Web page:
On Humanality


I hereby officially affirm and engage a fresh term (at least to me, and not one that has much usage that I can find elsewhere) that I will use, and would like to inject especially into the Church conversation, often noted as a typo for another word, but having its own uniqueness:

Humanality: The degree to which an idea, action or experience edifies the human soul and restores the quality, dignity and vitality of personhood.

Based on the origins narrative of the Hebrew book of Genesis, specifically the concept of the imago Dei, unique in content to the biblical origins narrative, humanality is a word aiding qualitative analysis (perhaps quantitative as well, if someone can convince me) of the activities of culture today in relation to their service to human dignity.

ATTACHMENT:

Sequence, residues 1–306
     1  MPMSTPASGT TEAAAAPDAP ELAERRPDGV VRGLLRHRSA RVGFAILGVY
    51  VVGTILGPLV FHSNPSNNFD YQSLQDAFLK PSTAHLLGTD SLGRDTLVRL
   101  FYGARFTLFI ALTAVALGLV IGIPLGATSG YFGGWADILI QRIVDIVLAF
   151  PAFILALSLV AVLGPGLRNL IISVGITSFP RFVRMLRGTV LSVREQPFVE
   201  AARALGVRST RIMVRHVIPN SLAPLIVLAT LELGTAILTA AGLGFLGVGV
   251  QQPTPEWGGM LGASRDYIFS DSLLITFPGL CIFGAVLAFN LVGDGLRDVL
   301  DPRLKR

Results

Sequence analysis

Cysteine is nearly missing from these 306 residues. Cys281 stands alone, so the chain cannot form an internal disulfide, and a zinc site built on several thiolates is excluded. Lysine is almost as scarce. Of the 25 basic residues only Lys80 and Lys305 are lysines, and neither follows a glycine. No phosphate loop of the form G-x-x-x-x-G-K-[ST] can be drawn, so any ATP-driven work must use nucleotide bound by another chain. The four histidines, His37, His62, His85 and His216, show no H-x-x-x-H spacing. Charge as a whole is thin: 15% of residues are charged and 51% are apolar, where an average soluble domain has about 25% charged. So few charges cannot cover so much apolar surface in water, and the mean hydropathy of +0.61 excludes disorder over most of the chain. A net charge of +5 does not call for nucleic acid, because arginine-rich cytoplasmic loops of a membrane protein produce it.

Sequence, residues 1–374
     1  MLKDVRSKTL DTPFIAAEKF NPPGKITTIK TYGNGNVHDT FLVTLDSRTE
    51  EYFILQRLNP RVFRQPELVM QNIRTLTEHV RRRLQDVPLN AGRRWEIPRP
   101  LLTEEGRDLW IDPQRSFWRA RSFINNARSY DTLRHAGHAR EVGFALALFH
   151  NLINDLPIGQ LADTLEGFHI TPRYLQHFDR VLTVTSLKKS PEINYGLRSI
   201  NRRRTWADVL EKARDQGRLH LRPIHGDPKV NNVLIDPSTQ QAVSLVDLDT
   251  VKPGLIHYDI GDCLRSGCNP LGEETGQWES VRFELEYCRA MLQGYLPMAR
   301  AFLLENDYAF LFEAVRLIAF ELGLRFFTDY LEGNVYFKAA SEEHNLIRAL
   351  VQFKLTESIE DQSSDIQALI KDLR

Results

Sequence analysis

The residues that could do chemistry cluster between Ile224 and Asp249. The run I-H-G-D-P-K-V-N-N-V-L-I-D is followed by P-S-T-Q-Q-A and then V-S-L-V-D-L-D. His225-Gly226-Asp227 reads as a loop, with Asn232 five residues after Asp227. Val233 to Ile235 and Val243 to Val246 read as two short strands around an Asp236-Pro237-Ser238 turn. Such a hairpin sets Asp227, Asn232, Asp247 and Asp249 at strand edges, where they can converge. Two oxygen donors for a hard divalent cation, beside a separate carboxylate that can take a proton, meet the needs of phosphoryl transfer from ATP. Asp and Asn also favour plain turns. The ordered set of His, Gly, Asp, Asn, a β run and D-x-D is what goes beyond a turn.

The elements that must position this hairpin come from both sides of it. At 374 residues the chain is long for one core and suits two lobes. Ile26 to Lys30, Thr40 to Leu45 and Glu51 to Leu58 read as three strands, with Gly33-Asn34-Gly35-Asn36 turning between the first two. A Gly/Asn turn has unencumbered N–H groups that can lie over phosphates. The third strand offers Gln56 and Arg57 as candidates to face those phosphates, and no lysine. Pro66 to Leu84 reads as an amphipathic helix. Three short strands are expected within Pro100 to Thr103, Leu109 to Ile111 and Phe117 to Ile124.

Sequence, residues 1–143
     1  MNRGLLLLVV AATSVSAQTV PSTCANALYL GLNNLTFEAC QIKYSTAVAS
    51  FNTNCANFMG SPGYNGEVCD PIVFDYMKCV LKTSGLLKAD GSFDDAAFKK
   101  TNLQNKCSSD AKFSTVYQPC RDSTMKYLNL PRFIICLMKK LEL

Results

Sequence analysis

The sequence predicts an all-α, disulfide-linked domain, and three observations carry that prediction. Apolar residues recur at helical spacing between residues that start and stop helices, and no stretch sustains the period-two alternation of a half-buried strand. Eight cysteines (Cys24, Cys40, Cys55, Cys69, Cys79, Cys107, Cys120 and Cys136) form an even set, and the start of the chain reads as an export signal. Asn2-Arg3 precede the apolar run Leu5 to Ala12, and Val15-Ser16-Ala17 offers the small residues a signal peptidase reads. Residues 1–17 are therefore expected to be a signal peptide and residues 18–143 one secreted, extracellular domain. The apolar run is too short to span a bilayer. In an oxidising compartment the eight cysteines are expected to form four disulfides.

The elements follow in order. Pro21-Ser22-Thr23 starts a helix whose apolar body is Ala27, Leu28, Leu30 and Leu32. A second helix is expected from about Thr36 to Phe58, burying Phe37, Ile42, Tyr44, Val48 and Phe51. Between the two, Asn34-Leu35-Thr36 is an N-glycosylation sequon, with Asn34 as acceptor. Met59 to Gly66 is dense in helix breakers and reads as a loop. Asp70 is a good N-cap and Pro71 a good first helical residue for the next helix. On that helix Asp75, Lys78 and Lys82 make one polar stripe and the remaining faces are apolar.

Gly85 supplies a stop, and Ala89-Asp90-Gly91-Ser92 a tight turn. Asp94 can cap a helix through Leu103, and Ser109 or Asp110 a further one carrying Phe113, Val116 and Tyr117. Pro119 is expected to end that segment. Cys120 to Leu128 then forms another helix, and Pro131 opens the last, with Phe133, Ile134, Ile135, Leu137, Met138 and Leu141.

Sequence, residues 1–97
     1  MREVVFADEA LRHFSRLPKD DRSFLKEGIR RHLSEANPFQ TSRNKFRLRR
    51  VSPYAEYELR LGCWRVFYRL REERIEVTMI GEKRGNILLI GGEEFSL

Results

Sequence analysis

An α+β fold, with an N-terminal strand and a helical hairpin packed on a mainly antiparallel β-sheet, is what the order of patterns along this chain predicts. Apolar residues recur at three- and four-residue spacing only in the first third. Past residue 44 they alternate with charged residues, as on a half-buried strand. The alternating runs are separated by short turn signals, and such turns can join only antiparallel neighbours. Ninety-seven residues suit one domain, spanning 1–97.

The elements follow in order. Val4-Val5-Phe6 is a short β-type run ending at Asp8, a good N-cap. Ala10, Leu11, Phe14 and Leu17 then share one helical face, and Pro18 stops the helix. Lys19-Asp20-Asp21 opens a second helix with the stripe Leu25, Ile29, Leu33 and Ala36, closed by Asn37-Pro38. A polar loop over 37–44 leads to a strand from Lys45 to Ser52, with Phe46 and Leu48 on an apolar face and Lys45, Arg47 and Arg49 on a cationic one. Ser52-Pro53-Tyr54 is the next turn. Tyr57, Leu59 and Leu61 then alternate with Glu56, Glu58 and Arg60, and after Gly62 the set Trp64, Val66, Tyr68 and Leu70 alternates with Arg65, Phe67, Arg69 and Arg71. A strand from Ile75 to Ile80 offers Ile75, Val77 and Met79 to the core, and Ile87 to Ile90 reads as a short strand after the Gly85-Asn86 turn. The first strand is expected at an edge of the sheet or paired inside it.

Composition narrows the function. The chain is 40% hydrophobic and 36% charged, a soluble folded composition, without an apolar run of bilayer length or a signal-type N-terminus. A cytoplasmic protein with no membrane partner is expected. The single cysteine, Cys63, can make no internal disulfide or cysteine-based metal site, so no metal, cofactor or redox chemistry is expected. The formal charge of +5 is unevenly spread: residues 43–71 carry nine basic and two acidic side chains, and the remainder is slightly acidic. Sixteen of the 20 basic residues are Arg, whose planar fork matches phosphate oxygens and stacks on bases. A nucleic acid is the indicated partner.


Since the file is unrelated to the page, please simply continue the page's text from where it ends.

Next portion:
At the Institute, we talk about renewing worship forms that “re-humanize” people in the face of a “dehumanizing” culture (and sometimes, in the face of what can be, unchecked, a dehumanizing Church sub-culture).